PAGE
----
5. Eddie_23

    Eddie_23 Registered User

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    The other option is sell the house and buy another house where I can build a steel building on residential land as an accessory structure, but I kind of like the industrial zoned building better cause I can lease it out for income later down the line.
     
  6. Eddie_23

    Eddie_23 Registered User

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    Possibly but that's like listening to a car sales man tell you the car runs great and works perfect. Although I do believe a realtor has more liability if he sells you something that won't work for your needs.
     
  7. VillageInspector

    VillageInspector Sawhorse

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    I think you are thinking to generically on this. As someone else pointed out each municipality and in fact each zoning district within each municipality is different. If you are going to try to continue to navigate this on your own you will need to read and understand all the local definitions, what each zone encompasses and where each zone is located. Don't assume because an area allows warehouses that it automatically allows for your specific use(s). We have areas which have warehouses for manufacturing, or distribution, or self storage. Each of these uses are in separate districts You are best served by a land use attorney or consultant to get you where you want to be.
     
    my250r11 likes this.
  8. Eddie_23

    Eddie_23 Registered User

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    I've ever in have a buddy thats going to build a shop in an unincorporated area and he says in these areas governed only by the county that you don't even need a building permit, you just make sure you aren't building too close to the easement and that's it. I find that hard to believe though.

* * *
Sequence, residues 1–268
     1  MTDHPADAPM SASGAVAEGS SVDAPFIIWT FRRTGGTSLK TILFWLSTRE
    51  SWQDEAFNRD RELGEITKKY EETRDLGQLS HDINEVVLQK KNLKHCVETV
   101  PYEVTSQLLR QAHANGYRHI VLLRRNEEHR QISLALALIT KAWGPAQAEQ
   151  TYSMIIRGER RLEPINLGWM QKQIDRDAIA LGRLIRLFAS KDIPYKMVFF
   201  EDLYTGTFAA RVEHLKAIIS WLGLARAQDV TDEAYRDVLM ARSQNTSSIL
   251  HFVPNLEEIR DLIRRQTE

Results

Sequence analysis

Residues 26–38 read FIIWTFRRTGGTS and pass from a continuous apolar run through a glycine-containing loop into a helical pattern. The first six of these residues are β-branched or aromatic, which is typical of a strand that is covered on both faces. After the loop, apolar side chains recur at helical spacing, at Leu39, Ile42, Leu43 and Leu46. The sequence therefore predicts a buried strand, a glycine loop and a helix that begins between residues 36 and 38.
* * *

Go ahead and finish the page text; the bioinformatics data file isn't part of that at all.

9. jar546

    jar546 *****istrator

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    When you get outside of incorporated areas the rules may be significantly reduced or eliminated unless you have a strong county government. Don't let the lack of needing a permit confused with actual requirements. Insurance rates are high in these areas due to a lack of good building code enforcement and you can run into trouble when a mortgage company wants a C of O or SBA wants proof of a permit. There is a tradeoff for lack of enforcement.
     
  10. Eddie_23

    Eddie_23 Registered User

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    I found a 2 acre empty lot that's flat and cleared of trees also outside of city limits. Just waiting on some up to date building estimates for a 4800 sq ft 18ft tall building with 3 or 4 bay doors in it. I got a quote about a year ago for $160,000 completed foundation and all. Apparantly all these buildings you see for sale online for $30k are just the building themselves. I'm tempted to put an offer in now for the lot, but would hate to find out they want like $300k. Hopefully someone doesn't put a bid in before me. I guess I could just consider it an investment and lease out a portion of it if the steel building idea doesn't workout.